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What is a hate crime? Recognize the signs and report

What is a hate crime?
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On Christmas Eve 2022, a young couple from the Asian community had an unpleasant encounter while recording a viral TikTok video at an In-N-Out restaurant in San Ramon, California.

In the video, both young men are enjoying their meal when a man approaches them with vociferous comments, however, these were homophobic and racist in nature.

The incident culminated in the arrest of a man by the name of Jordan Douglas Krah, 40, a resident of Denver, Colorado, for violating California hate crime laws. 

The incident that did not happen to adults, despite the fact that the man waited for these young people outside the establishment for at least 15 minutes. But when does an act like that become a hate crime or incident? How to recognize the signs to report it as such?

How to recognize a hate crime.

Hate and Crime

Let's start with a bit of terminology, which can often be confusing.

According to the US Department of Justice, in the simplest terms, a hate crime must include both the element of "hate" and a "crime."

The term "hate" can be confusing. When used in the context of hate crime law, the word as such does not mean rage, anger, or general displeasure. In this context, "hate" means a bias against persons or groups with specific characteristics defined by the Law.

At the federal level, hate crime laws include crimes committed on the basis of race, color, religion, national origin, sexual orientation, gender, gender identity, or disability, actual or perceived, from the victim.

The “crime” element in a “hate crime” is usually one of a violent nature such as assault, murder, arson, vandalism, or threats to be committed. It can also include conspiring to commit such acts or soliciting another person to commit such acts, even if the crime is never committed.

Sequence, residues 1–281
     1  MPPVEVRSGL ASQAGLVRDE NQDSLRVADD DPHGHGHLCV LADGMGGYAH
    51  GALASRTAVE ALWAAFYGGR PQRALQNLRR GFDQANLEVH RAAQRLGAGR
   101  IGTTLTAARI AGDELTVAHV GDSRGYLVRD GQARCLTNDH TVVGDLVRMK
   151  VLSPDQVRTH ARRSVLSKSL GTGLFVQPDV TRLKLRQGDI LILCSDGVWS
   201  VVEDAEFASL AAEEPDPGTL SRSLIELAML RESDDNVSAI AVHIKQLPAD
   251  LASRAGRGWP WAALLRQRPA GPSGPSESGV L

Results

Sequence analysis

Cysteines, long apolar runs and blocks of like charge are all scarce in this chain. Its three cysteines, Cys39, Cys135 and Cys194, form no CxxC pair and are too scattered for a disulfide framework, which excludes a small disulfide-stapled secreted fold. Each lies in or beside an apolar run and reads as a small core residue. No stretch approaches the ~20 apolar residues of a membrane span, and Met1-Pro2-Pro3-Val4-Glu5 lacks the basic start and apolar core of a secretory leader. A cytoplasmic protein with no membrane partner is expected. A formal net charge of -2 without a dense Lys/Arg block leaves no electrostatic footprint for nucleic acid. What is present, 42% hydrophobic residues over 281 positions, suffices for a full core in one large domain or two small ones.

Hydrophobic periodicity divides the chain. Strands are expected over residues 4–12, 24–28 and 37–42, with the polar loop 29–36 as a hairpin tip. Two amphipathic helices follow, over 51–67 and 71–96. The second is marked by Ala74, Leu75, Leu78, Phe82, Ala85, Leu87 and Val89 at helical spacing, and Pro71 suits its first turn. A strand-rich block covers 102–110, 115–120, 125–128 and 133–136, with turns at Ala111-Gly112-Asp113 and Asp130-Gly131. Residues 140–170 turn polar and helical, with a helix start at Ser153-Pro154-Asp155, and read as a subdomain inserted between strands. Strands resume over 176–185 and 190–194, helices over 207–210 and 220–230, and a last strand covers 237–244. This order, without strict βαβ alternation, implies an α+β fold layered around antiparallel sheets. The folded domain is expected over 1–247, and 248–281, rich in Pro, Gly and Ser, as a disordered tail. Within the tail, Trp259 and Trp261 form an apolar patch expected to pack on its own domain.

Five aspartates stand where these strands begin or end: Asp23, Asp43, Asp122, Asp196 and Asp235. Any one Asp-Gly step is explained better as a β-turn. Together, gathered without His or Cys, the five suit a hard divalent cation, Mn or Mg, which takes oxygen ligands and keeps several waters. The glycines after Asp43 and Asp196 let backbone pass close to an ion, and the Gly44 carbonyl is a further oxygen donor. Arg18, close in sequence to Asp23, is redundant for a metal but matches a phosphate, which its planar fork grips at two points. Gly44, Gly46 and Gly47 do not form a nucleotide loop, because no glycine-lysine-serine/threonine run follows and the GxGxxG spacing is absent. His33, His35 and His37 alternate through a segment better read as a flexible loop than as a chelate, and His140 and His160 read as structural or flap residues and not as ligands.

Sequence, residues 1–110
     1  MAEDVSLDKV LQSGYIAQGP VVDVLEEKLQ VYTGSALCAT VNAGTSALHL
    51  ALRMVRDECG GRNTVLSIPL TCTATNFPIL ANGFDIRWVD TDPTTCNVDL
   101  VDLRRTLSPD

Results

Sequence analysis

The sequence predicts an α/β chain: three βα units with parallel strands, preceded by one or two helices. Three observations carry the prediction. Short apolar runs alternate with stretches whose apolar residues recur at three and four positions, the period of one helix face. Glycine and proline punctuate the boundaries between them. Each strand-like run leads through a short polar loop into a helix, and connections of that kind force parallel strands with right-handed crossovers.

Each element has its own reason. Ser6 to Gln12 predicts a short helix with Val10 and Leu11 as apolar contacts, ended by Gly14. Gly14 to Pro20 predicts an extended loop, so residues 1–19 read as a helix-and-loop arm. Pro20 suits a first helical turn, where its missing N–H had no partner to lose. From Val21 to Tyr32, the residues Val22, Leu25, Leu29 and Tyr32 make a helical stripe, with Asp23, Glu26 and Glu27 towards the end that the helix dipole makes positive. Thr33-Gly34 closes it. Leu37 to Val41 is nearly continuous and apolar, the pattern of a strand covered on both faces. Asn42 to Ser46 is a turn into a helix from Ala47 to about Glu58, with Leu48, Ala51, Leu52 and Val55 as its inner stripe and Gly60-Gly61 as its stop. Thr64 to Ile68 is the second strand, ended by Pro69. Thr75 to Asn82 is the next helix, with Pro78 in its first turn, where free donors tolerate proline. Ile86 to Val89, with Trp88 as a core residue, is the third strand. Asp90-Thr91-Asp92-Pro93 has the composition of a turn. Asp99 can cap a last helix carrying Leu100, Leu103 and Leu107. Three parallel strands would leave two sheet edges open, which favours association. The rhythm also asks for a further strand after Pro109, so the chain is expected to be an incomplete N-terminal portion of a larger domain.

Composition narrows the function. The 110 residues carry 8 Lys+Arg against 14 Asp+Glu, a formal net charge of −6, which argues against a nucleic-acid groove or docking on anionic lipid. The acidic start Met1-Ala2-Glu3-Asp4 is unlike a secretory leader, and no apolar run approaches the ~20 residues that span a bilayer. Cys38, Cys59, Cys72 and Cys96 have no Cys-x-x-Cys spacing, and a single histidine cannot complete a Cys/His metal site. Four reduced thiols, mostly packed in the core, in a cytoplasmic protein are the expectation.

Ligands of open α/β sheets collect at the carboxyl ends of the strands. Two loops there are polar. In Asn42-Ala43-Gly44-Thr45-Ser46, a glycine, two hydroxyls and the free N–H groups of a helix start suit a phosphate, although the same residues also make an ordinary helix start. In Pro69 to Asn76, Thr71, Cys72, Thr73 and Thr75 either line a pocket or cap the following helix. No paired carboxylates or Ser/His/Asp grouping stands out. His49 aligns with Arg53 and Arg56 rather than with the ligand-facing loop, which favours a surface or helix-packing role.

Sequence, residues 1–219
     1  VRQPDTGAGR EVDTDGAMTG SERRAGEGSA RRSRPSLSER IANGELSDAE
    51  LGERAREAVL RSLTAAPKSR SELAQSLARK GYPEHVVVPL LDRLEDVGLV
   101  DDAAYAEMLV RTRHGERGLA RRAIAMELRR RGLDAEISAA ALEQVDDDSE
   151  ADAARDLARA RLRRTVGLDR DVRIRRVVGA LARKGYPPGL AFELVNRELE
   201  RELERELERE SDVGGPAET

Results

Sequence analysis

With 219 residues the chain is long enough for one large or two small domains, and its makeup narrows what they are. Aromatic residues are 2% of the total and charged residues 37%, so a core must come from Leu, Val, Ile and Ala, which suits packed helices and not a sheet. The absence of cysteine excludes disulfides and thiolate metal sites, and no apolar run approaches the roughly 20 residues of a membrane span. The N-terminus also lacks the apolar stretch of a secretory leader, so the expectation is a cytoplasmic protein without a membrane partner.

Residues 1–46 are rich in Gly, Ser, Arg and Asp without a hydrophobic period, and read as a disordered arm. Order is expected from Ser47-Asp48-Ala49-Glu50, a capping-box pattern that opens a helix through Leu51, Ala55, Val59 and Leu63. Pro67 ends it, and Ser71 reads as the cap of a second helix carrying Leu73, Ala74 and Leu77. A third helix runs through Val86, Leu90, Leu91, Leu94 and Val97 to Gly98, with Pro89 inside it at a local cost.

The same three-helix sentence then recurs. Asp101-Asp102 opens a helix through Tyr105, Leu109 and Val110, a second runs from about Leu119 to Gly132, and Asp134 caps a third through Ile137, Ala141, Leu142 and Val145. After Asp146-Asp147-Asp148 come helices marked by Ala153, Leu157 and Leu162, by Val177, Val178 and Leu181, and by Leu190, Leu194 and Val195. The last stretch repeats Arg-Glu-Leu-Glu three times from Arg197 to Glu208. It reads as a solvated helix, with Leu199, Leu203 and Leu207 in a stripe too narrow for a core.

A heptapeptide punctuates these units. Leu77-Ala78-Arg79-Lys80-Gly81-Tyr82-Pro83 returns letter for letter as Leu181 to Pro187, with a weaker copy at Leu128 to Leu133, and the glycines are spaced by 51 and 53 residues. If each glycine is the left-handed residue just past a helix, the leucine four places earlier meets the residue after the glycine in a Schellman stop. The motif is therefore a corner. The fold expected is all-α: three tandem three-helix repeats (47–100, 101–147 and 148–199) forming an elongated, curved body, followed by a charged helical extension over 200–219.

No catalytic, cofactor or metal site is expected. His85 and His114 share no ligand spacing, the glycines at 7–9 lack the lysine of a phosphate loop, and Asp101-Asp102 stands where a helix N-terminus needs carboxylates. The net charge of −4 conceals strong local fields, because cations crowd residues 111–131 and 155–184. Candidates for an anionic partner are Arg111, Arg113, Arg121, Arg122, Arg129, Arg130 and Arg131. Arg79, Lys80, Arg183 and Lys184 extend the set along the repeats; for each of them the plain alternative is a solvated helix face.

Hate Crime: At the federal level, is a crime committed on the basis of race, skin color, religion, national origin, sexual orientation, gender, gender identity, or disability.

Hate Incident or Bias: Acts of bias that are not crimes and do not involve violence, threats, or property damage.

And it is that, explains the agency, under the First Amendment to the US Constitution, people cannot be prosecuted or singled out simply for their beliefs. People may be offended or upset by beliefs that are untrue or based on false biases, but it is not a crime to express such offensive beliefs or join others who share the same beliefs. 

However, the First Amendment does not protect people who commit a crime simply because the conduct is based on philosophical beliefs.

Hate crimes have a broader effect than other types of crime. Victims of hate crimes include not only the immediate target of the crime but others who are like them. Hate crimes affect families, communities, and sometimes the entire country.

Why should a hate crime be reported?

The gap in the reporting of hate crimes is important, since various organizations consider that the real numbers of these acts triple those registered or those that are reported to the authorities.

That is why it is essential to report hate crimes not only to show your support and get help for the victims but also to send a clear message that the community will not tolerate these types of acts.

Reporting hate crimes allows communities and law enforcement to understand the scope of the problem within the community and dedicate resources to preventing and addressing bias and hate-based attacks.

According to California state authorities, if you are the victim of a hate crime, you should do the following:

  • Contact local law enforcement immediately.
  • Seek medical attention (if you need it).
  • Write down the exact words that were said.
  • Write down any other information.
  • Save all evidence (eg, graffiti, eggshells, writing on the victim's vehicle, etc.). If it's safe, wait until the police arrive and take photos.